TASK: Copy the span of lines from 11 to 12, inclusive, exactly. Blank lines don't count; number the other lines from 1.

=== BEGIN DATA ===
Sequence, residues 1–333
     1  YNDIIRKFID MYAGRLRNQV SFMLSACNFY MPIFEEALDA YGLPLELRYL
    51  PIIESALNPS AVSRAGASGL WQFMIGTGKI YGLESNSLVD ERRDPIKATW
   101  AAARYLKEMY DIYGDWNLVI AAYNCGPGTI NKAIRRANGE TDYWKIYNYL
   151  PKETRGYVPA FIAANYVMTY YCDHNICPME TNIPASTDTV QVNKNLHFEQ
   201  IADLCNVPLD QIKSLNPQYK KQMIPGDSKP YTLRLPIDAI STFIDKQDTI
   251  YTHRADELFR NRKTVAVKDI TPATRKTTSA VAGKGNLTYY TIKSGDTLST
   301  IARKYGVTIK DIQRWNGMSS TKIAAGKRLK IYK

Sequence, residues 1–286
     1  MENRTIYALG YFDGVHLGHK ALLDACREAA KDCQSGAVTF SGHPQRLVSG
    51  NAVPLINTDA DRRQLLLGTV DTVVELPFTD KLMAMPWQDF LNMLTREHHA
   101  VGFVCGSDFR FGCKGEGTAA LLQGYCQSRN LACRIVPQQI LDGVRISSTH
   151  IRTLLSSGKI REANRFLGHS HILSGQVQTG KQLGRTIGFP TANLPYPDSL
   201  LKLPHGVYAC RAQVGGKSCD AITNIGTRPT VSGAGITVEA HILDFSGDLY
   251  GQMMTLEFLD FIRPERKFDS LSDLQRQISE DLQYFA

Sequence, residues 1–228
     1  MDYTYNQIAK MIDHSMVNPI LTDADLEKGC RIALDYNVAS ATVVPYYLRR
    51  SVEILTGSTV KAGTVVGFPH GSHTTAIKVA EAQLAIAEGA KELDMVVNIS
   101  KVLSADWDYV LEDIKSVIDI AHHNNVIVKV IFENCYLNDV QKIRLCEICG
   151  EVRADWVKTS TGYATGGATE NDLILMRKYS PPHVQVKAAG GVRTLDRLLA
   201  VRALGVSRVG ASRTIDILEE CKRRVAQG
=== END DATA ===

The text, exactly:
    51  NAVPLINTDA DRRQLLLGTV DTVVELPFTD KLMAMPWQDF LNMLTREHHA
   101  VGFVCGSDFR FGCKGEGTAA LLQGYCQSRN LACRIVPQQI LDGVRISSTH